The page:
Trump's pick for Fed chair might not be an economist

Will Trump reappoint Fed Chair Janet Yellen?
Will Trump reappoint Fed Chair Janet Yellen?

President Trump will soon make one of his most important decisions: Nominating the next leader of the Federal Reserve.

His advisers have narrowed the list of candidates for Fed chair to roughly five, though more names could be added and the roster isn't final, according to a person familiar with the process.

Former Fed Governor Kevin Warsh is considered the frontrunner, according to sources, who cautioned that Trump is weighing all options and a decision hasn't been made. Others in the running include current Fed Chair Janet Yellen, Fed Governor Jerome Powell, Trump's top economic adviser Gary Cohn and renowned Stanford economist John Taylor.

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Warsh, Cohn and Powell would be unusual picks because they aren't economists. Every Fed chair since 1979 has been an economist.

"It's a mistake to think only economists can do the job ... but in general I think we're better off with economists as chair," says David Wessel, a senior fellow at the Brookings Institution. For non-economists, "I worry a little bit about on-the-job training."

White House officials said last week that Trump has met with Warsh, Powell and Yellen. He also plans to meet with Taylor, and he speaks regularly with Cohn, though their relationship cooled after Trump's response to the white nationalist protest in Charlottesville, Virginia.

Related: Senate confirms Trump nominee for top Fed post

Trump intends to make a decision in the coming weeks, in hopes the person will be confirmed by the Senate Banking Committee before Yellen's term expires in February. Trump had said that he would make a decision before the end of the year.

White House officials say Trump is looking for a nominee with experience in monetary policy and an eye toward rolling back financial regulations, which Trump says are overly burdensome and harmful to the economy.

That makes Warsh, a conservative who teaches at Stanford, a mixed candidate. He has said that the Fed "micromanages" big banks under regulatory reforms adopted after the financial crisis.

However, some experts believe Warsh would also be in favor of raising interest rates at a faster pace, also known as being "hawkish." Trump has said he favors low interest rates.

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"We see Warsh as the most hawkish and most likely to change the way the Fed conducts monetary policy," Bank of America (BAC) economists Michelle Meyer and Alexander Lin wrote in a recent research note.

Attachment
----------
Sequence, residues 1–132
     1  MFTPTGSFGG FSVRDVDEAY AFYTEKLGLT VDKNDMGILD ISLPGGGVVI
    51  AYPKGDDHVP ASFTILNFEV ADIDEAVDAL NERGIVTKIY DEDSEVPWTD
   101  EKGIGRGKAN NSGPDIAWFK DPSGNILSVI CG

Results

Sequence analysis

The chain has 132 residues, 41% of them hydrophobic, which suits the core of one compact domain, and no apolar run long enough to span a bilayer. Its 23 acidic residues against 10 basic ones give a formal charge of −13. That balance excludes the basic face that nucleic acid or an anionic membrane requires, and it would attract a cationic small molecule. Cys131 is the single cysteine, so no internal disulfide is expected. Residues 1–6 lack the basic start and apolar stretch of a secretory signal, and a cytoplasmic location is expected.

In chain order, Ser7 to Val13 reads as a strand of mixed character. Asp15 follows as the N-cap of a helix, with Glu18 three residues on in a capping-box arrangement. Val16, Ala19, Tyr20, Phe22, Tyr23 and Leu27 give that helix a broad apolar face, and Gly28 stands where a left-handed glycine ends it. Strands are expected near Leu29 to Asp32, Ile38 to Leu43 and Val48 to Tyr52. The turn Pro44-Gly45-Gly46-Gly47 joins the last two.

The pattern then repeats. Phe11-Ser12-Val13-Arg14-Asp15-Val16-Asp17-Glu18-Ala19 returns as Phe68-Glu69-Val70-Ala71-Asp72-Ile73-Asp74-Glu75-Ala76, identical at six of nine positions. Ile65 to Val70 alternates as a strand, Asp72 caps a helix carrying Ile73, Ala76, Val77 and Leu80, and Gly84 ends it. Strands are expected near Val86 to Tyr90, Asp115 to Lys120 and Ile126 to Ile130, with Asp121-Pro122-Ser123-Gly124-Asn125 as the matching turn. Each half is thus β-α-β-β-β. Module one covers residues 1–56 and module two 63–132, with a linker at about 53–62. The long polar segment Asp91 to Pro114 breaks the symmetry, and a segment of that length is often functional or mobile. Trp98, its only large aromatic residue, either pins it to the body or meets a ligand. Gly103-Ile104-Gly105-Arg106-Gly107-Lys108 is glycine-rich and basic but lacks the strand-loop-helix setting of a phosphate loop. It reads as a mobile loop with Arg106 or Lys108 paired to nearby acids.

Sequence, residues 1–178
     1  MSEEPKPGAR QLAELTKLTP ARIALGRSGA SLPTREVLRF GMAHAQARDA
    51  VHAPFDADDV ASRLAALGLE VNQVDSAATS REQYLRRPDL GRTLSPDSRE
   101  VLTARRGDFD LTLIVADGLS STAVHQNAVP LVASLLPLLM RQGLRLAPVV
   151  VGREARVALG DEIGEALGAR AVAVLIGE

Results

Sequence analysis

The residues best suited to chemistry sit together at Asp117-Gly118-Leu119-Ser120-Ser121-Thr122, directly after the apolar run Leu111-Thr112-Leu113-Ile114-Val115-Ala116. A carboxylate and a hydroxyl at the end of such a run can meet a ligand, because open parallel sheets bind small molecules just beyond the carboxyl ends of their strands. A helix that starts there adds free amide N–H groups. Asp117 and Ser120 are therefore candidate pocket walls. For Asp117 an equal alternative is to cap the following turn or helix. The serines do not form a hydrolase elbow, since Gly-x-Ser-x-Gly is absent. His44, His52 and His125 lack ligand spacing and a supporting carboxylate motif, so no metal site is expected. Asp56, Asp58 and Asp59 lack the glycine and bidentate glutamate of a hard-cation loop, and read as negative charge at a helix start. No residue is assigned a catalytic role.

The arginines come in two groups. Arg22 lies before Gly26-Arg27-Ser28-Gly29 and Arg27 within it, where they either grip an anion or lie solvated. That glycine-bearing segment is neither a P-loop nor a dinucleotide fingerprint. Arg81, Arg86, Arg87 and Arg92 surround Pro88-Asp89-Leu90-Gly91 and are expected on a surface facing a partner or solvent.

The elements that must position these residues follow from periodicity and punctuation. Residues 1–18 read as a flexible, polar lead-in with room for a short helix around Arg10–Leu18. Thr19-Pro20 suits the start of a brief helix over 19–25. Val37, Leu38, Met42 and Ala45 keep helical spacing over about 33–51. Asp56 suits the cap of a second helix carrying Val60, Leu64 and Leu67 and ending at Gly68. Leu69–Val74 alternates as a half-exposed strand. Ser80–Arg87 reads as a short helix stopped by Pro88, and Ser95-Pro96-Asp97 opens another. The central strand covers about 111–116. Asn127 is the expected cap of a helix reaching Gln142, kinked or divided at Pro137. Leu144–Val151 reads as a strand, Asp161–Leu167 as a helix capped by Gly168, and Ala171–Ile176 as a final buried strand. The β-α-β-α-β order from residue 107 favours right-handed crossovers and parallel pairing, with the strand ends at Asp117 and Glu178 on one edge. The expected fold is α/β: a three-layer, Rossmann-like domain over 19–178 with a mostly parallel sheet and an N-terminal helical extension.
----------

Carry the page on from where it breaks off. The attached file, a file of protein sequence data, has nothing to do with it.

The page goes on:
What may make Warsh appealing to Trump -- a desire to roll back regulations -- also makes Yellen less likely to be renominated. She is a staunch defender of the Fed's financial reforms, arguing they are critical to the stability of America's biggest banks.

However, presidents before Trump have set a precedent of renominating Fed chairs chosen by the other political party. For example, President Obama renominated Ben Bernanke, who was originally nominated by President George W. Bush.

It's unclear whether that precedent matters to Trump.

"I'm not sure he has any coherent thoughts on the matter," says Andrew Rose, an economist at the University of California, Berkeley, who worked there with Yellen. "Even if he had any coherent thoughts on the matter, he might change them in the next 45 minutes."

Related: Wall Street loves the Fed and Janet Yellen

In September, Yellen declined to comment on whether she wants a second term.

Cohn, the economic adviser to Trump, was seen over the summer as a leading candidate. But Cohn, who is Jewish, criticized Trump after Charlottesville, when the president blamed "many sides" for the violence.

"This administration can and must do better in consistently and unequivocally condemning these groups and do everything we can to heal the deep divisions that exist in our communities," Cohn, director of the White House's National Economic Council, told the Financial Times in August.

That comment hurt Cohn's candidacy for Fed chair, though he and Trump have mended ties somewhat since, according to people familiar with their relationship.

Cohn is working on Trump's tax reform bill with Treasury Secretary Steven Mnuchin, who is leading the Fed search. Mnuchin also regularly meets with Yellen and has complimented her.

Yellen has only three more meetings in her first term as chair.

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